Things men have made with wakened hands
are awake through years with transferred touch, and go on glowing
for long years.
And for this reason, some old things are lovely
warm still with the life of forgotten men who made them.
— D. H. Lawrence, “Things Men Have Made”, from Pansies (1929)
Not long ago, a person who has been a great influence on my woodworking informed me that I’d be receiving a carved wooden bowl in the mail; had had it for years and was passing it along to me. I’ll write more about that person in a special post to come.
A couple weeks ago, the package arrived on my porch. I can’t fully explain what I felt upon opening the box and holding a bowl carved twenty years ago by Bengt Lidstrom, but to say the least, I was thrilled and overwhelmed.
I wrote a post about Bengt Lidstrom over two years ago, including a link to an extensive article about him from a Swedish museum. Bengt’s work has been inspirational to me. To now have a piece made by his hands, to hold it and learn from it, is an incredible gift. As D. H. Lawrence suggests about such objects, this bowl is “warm still” with Bengt’s life and will continue to be for years to come.
I’ve rolled this bowl over in my hands every day, and I thought I’d share a few things I’ve noticed about it, and learned from it.
At about 11 inches long, 10 inches wide, and 5 inches high, it did not require a grand piece of wood, in terms of size or quality. The birch log he used was far from perfect. It has a knot running along one end wall, for example. Don’t let the limitations of available material stop you from making the best of it. The strength of Bengt’s design just brushes those issues aside. He considered the unique nature of the piece he was working with and made it sing.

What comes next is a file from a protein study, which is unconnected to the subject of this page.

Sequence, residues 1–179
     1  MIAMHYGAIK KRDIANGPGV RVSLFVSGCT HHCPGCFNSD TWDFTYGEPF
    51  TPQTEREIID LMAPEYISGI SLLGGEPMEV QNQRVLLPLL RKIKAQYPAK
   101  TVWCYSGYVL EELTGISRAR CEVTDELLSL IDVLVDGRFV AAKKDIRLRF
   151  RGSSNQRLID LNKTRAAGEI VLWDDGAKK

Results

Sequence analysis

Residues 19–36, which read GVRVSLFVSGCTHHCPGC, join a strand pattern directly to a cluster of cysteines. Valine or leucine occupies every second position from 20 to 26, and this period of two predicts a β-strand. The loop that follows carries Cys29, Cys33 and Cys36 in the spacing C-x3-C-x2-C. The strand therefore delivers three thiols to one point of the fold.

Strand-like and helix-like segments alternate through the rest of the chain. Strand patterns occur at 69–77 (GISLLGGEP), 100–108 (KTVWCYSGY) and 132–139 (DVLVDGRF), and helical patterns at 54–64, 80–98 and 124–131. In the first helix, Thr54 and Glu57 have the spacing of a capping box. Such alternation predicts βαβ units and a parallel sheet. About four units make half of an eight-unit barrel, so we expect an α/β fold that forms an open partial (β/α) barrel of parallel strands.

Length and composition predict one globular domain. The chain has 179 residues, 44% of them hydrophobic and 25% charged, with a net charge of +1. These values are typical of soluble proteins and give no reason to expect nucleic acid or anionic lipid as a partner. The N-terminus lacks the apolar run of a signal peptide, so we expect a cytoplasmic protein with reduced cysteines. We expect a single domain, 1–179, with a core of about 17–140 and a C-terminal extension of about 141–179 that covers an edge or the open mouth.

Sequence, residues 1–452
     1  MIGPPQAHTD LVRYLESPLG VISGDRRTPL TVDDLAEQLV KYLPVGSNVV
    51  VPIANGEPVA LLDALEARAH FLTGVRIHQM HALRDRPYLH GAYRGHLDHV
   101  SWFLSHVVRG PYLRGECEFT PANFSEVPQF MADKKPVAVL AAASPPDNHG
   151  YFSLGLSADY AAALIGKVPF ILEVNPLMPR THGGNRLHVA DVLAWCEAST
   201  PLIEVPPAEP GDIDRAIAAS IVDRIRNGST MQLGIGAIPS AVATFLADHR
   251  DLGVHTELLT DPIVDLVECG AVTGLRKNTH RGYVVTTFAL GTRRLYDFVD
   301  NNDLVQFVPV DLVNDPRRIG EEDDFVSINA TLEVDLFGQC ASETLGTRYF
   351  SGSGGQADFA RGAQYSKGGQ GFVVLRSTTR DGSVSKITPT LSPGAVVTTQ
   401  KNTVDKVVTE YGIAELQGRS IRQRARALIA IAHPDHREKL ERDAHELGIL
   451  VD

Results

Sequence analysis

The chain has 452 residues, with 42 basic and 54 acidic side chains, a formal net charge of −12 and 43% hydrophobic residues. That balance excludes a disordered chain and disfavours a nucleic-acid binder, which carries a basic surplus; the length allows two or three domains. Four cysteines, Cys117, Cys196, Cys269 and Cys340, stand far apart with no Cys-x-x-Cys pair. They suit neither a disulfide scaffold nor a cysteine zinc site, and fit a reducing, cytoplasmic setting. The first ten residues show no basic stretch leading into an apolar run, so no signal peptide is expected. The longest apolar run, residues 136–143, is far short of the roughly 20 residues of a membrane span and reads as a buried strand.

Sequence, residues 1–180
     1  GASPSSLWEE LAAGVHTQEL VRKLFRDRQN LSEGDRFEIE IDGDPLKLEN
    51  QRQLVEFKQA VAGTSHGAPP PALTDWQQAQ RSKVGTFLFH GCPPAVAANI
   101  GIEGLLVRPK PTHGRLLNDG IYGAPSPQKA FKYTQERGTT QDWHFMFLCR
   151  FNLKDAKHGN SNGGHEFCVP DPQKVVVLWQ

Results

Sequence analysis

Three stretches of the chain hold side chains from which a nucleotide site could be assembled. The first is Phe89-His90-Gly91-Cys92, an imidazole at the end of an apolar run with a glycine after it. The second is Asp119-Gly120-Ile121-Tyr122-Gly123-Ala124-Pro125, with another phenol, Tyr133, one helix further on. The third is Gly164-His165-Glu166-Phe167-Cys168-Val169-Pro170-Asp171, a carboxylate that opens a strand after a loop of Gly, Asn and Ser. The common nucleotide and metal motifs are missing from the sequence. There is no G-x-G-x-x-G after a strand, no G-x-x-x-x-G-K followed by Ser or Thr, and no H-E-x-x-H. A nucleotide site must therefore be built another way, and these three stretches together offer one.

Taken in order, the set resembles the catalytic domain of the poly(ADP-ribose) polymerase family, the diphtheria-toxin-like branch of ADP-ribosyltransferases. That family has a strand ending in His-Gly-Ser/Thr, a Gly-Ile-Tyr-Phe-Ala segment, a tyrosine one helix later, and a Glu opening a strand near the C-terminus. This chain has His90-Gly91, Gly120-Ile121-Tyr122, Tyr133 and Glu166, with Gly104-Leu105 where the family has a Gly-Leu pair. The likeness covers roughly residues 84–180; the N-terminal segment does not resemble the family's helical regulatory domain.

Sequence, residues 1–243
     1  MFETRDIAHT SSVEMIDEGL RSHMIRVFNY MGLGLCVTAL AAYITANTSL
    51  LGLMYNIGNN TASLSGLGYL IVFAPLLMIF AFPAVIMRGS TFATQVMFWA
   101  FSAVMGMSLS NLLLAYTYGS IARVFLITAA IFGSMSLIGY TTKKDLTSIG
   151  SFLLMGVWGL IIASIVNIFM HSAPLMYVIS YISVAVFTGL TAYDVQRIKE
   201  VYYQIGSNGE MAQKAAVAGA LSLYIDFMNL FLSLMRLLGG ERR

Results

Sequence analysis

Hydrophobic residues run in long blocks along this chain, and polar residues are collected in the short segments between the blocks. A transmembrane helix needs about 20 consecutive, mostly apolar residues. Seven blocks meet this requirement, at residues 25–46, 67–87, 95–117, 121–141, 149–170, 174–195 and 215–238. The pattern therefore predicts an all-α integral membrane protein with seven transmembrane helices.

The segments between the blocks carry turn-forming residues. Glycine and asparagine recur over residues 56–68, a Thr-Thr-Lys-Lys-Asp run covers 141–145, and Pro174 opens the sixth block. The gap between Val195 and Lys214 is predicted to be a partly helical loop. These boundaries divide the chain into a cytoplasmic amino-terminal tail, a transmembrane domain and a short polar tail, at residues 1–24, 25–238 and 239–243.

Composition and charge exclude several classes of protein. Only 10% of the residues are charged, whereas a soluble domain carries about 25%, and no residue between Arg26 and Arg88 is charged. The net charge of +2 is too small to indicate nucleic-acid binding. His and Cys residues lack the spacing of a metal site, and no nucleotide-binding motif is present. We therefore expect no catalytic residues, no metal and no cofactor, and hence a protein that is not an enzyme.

All surfaces of the bowl come alive with Bengt’s confident cuts. No need to drive yourself crazy with the “perfection” of every facet. The surface is vigorous yet soft. The bowl beckons to be touched. The flow of the form is a feast for the eyes as the light changes throughout the day, but to me the bowl reveals the most by being held. To feel the texture, the thinness of the undercut sidewall — just enough to allow for the depth of decorative carving on the side panel. Even the sounds of tapping fingertips resonating through the wood… Again, to quote Lawrence, this bowl is “awake through years with transferred touch.”
This bowl has many more stories to tell and lessons to teach, but I’ll mention just one more for now. The bottom of the bowl is carved with “BL 99.” He was 83 when he carved this bowl, and there’s a lesson and encouragement in that for us all.